(Check Against Delivery)
Statement by H.E. Mr. Motohide Yoshikawa
Permanent Representative of Japan to the United Nations
At the Open Debate of the Security Council
On the Situation in the Middle East
20 January 2014
As I take the floor in the Security Council for the first time this year, I would like to say how glad I am to see your Royal Highness presiding over the Council during the month of January, only one month after your country’s election. I wish every success to Jordan and the other newly elected Security Council members from Chad, Chile, Nigeria and Lithuania.
I am also grateful to the Secretary-General for his briefing.
Today, I will touch upon two issues. First, on the Middle East peace process, and second, on the situation in Syria.
First, I wish to express my heartfelt condolences to the Government and people of Israel over the sad passing of Mr. Ariel Sharon, former Prime Minister of Israel.
The direct negotiations between Israel and Palestine are now entering a crucial phase. We have fewer than four months left for a deal to be made. This nine month time frame had been agreed upon by both parties last year. We would like to call upon both parties once again not to take unilateral action that might negatively affect the peace process but to continue negotiations. In this context, we deeply deplore the decision made by the Israeli Ministry of Housing and Construction on 10 January to publish tenders to build new housing units in the West Bank and East Jerusalem.
We believe that helping Palestinians create viable economic foundations will contribute to advancing the political process. Given the current phase of negotiations, it becomes all the more important for the international community to work towards the co-existence and prosperity of Palestinians and its neighbors.
From this standpoint, Japan will continue with our own initiatives aimed at mobilizing private sector investment in Palestine. As I said in this chamber last October, Japan is promoting the projects called “Corridor for Peace and Prosperity”, as well as the “Conference on Cooperation among East Asian Countries for Palestinian Development” or CEAPAD.
Today, let me focus on the CEAPAD. The CEAPAD was launched in February last year in Tokyo. Japan and Palestine co-hosted the conference. In addition to the two co-hosts, seven countries from Asia (Indonesia, Singapore, Thailand, Malaysia, Viet Nam, Brunei Darussalam, and the Republic of Korea) as well as five international organizations (League of Arab States, Islamic Development Bank, U.N., UNRWA, and the World Bank) participated. It is a process aimed at mobilizing and sharing East Asian economic development experiences and resources for the sake of Palestinian development.
As a follow-up, Japan hosted a private sector promotion meeting in Tokyo last December. The participants explored ways to strengthen the Palestinian private sector and to enhance their business relations with Palestine.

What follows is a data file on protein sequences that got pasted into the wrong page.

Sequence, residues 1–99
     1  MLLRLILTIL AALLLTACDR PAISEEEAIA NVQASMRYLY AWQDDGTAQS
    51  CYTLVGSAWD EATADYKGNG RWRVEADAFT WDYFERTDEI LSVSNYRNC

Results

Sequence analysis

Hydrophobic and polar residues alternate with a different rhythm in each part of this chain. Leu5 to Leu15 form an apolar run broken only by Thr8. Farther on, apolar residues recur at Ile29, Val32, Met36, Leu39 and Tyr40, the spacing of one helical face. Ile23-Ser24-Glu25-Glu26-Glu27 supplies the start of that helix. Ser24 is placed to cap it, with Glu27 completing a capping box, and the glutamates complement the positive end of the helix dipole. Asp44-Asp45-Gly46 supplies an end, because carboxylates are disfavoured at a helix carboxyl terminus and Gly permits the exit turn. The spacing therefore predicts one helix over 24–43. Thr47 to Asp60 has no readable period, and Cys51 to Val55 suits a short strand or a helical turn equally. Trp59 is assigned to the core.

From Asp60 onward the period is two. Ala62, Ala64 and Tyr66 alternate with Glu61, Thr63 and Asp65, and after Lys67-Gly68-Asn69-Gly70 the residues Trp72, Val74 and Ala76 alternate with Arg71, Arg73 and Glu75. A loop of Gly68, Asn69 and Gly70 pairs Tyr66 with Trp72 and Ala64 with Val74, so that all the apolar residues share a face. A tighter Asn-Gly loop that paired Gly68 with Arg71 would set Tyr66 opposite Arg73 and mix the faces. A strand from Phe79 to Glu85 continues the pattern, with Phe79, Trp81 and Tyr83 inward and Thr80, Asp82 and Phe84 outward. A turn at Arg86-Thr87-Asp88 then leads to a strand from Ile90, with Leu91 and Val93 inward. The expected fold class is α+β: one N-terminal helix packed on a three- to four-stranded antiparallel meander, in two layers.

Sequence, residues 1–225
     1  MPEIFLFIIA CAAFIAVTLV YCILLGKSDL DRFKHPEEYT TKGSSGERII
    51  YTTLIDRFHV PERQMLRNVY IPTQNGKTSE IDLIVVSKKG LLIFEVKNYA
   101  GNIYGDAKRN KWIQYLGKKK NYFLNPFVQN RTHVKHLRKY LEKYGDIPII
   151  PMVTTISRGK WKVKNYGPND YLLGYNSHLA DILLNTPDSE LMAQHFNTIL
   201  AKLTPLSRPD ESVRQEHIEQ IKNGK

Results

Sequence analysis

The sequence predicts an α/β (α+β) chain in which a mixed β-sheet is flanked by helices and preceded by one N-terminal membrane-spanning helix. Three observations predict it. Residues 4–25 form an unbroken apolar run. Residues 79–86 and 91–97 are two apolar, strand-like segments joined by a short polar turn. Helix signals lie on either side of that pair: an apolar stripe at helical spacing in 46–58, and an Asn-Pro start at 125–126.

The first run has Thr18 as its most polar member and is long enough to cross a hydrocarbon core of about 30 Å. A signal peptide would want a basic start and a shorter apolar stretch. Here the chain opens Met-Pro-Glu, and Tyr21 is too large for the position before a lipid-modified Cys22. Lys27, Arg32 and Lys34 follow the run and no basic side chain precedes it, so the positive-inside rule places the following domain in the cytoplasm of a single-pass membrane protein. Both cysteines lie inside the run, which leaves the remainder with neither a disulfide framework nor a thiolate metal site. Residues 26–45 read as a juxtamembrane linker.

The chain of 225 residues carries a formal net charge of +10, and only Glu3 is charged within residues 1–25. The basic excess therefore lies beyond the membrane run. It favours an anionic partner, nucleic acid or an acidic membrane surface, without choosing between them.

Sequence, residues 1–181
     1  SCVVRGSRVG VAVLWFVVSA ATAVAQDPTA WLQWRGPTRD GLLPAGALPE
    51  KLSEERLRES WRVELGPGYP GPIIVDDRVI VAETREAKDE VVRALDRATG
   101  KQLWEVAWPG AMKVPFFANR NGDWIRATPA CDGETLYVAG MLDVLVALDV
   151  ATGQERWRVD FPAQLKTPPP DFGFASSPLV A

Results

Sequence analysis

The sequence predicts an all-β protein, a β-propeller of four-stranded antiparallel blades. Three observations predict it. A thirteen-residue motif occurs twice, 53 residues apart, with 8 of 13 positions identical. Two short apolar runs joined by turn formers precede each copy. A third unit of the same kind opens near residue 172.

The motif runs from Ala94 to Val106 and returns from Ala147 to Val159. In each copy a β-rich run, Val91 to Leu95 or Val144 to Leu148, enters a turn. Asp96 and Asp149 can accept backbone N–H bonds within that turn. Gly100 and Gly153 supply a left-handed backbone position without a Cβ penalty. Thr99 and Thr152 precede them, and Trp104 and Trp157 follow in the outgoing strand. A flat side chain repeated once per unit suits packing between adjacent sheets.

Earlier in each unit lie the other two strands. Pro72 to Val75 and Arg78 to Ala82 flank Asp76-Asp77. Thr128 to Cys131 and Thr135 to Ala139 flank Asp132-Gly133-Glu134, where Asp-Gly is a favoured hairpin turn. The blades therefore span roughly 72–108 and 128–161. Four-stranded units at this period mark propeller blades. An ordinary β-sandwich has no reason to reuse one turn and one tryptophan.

The outcome of the meeting will be submitted to the second ministerial meeting of CEAPAD, scheduled to be held in Indonesia in March. We are grateful to Indonesia for hosting the conference. We hope that the conference will result in tangible outcomes. Japan, for its part, is planning to announce additional and substantial assistance for Palestine on this occasion.
Turning to the situation in Syria, the successful conduct of the upcoming Geneva 2 Conference is of utmost importance in moving forward the political process. Foreign Minister Fumio Kishida will represent Japan at this conference. Japan strongly urges both the Syrian Government and the opposition parties to engage seriously and constructively in direct negotiations with a view to putting an end to all forms of violence and establishing a transitional governing body in accordance with the Geneva Communiqué.
The political process needs to be sustained by international efforts to step up humanitarian assistance on the ground. We would like to express our appreciation to the Government of Kuwait for hosting the Conference for Syria on 15 January and for making a very generous pledge on that occasion. Japan’s representative announced our additional humanitarian assistance in the amount of 120 million dollars at the Conference. Our humanitarian assistance, including support for neighboring countries, since the beginning of the Syrian crisis, now totals 275 million dollars.
Humanitarian aid remains meaningless if it is not delivered to those in need. Japan thus demands all parties, in particular the Syrian authorities, take the necessary steps to ensure immediate, safe and unimpeded humanitarian access to all areas affected by the conflict.
In addition, I would like to reiterate Japan’s commitment to provide the greatest possible cooperation towards the disposal of Syria's chemical weapons. In this context, my Government has decided to contribute a total of 18 million dollars to the trust funds established under the UN and the OPCW.
Thank you, Mr. President.